Bowled Over

by Scarlett Chidgey

Independent on Sunday, 2 March 1997

Ten-pin bowling has made its way back across the Atlantic, and is being enjoyed in its American form in bowling alleys all over the country. Our panel compares the chains — and their bars — and finds striking results

Although it’s claimed that the origins of 1o-pin bowling go back as far as ancient Egypt, and that bowling (in a nine-pin form) was played in england as early as the 12th century, it was Americans who took to the sport. In the 19th century, our transcontinental cousins were hooked on the game, and it was in the US that the first organized professional bowling began in 1959.

Yet how do our British bowling alleys measure up to their American counterparts? Four Americans in England decided to try them out.

THE PANEL

Our testers were a native of Massachusetts, Jaime Nolan, the daughter of an expert bowler, who is herself a bowling enthusiast; avid bowler Kate Dawson from Texas; our man from Ohio, Michael McGannon, bowler extraordinaire and the panel champion; and myself, bowling disaster from California, who only knocked down 10 pins an entire game.

THE TEST

Our panel went on a bowling spree for several days visiting four centres, each one from a different chain. The panel rated appearance, service, bowling and social facilities, and value for money.

***MEGABOWL

This bowling centre is not called “mega” for nothing. Not only is it a huge complex, it also boasts 36 lanes, a Pizza Hut, bar, pool tables, and a video game area. MegaBowl offers bowling packages for groups and families, too.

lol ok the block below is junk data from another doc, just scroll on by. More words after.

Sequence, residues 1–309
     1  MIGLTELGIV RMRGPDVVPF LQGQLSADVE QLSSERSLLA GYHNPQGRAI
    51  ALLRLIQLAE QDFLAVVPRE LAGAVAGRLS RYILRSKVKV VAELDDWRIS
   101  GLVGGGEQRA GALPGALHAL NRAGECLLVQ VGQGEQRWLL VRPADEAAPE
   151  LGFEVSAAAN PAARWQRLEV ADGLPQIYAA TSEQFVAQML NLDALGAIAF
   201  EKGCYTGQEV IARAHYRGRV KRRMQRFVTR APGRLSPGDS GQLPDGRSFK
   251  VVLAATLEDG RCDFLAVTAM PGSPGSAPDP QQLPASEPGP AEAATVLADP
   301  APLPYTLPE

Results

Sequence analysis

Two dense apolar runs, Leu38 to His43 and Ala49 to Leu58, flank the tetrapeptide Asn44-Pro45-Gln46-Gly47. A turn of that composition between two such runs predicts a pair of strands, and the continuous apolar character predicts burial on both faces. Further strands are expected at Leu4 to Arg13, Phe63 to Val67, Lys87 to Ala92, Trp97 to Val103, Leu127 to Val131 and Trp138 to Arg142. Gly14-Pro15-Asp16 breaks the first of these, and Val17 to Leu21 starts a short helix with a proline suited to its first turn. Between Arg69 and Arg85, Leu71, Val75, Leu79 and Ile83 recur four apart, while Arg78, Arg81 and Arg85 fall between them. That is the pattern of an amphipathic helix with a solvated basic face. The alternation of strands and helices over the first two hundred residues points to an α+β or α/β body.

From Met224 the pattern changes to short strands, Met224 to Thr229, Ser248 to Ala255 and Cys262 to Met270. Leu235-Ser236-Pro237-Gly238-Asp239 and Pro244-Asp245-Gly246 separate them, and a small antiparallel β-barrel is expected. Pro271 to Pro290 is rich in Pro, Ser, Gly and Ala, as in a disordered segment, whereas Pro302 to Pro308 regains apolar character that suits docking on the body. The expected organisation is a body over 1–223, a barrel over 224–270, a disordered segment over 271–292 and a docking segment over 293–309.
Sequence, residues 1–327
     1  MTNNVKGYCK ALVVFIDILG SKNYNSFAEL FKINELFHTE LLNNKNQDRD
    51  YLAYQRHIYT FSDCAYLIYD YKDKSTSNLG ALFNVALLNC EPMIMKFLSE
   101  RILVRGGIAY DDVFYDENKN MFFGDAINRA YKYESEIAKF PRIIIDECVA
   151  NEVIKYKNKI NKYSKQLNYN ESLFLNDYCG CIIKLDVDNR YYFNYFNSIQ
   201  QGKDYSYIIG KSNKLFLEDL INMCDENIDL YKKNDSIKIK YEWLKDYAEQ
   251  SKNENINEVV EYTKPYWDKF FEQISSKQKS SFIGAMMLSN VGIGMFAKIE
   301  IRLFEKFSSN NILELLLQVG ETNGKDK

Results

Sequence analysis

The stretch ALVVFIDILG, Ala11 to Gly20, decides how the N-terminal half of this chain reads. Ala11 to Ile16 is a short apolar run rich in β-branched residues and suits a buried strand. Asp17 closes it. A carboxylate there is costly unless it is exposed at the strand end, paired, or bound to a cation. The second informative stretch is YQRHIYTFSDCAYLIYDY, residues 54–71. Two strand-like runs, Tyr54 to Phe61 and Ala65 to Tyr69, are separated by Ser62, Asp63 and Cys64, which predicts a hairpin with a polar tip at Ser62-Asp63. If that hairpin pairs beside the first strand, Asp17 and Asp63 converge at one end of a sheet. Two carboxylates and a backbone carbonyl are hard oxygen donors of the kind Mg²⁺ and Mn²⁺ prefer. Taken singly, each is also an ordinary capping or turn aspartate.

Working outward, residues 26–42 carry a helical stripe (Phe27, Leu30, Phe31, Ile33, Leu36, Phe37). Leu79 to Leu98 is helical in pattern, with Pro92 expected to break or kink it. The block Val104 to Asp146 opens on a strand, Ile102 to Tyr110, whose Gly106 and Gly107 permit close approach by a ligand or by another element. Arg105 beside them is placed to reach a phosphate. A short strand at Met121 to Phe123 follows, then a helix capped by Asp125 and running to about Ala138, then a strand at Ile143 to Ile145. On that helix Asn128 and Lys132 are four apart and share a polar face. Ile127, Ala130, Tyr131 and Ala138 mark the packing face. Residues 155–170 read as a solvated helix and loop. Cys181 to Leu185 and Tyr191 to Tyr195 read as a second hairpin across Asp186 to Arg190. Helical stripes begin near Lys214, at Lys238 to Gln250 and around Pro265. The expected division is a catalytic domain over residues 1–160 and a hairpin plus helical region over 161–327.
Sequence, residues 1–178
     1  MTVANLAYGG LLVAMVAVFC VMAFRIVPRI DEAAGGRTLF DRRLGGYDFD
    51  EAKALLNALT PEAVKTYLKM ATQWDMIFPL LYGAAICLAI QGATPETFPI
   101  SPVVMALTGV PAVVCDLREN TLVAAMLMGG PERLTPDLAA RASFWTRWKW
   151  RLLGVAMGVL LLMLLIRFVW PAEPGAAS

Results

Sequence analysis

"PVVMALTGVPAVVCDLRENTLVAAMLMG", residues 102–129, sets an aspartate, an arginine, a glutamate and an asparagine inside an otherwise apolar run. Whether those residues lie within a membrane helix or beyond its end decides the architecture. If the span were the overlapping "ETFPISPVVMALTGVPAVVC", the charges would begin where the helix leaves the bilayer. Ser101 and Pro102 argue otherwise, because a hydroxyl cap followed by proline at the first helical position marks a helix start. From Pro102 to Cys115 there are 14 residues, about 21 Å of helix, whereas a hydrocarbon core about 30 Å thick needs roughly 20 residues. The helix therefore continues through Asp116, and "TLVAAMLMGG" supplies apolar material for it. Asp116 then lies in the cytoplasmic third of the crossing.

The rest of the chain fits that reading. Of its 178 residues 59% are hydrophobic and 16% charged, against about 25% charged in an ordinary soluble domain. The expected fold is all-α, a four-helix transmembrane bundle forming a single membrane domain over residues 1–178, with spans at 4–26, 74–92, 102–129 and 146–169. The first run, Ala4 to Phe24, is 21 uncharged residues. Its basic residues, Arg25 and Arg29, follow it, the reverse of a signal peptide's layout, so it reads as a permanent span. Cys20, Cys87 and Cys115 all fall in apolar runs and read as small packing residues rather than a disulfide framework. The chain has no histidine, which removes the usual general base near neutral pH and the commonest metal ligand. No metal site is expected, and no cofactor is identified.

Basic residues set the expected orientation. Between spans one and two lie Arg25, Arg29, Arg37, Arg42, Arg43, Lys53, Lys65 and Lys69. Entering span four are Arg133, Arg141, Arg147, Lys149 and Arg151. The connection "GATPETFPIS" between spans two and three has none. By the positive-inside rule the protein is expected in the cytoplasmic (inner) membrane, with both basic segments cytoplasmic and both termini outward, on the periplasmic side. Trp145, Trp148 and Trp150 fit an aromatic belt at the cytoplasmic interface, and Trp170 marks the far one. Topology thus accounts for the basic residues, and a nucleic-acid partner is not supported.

We were very impressed by the set-up of the bowling centre, which was spacious and comfortable. Michael McGannon loved the place: “I was smiling from the time I walked in the door until the time I walked out.” MegaBowl seemed to be a very child-friendly and its hilarious dog mascot that walked around talking to the kids made us laugh. “It’s truly a place for the entire family to go” exclaimed Jaime Nolan, enthusiastically.

One advantage of MegaBowl is that you don’t have to bowl to have a good time. If you don’t feel like making a fool of yourself knocking down the pins in adjoining lanes (it was the first time I’d ever played the game), there’s always pool, and the bar was quite lively. The only problems we found were that the selection of bowling balls seemed limited, and the automatic scoring system did not have instructions, making it difficult for new bowlers. The look of the place was plasticky and the staff’s uniforms (brightly coloured, geometric shirts) were a bit too loud for our liking.

**AMF BOWLING CENTRE

Although not the flashiest of the bowling centres, the AMF we visited is equipped with 24 lanes, a bar, snack bar and video games.

The staff were, on the whole, very helpful and the snack bar did a great plate of chips. Perhaps because it was a smaller centre, AMF had a cosier atmosphere than the larger ones. We were impressed by the bowling facilities (plenty of balls at hand when you needed them), and we thought there was a good video-game selection. We were disappointed, however, that the bar did not provide a view of the bowling lanes. The lack of space was also commented on. “The seating arrangement was a bit too congested” said Jaime Nolan. And Kate Dawson thought that “the aisles were too small between the lanes.”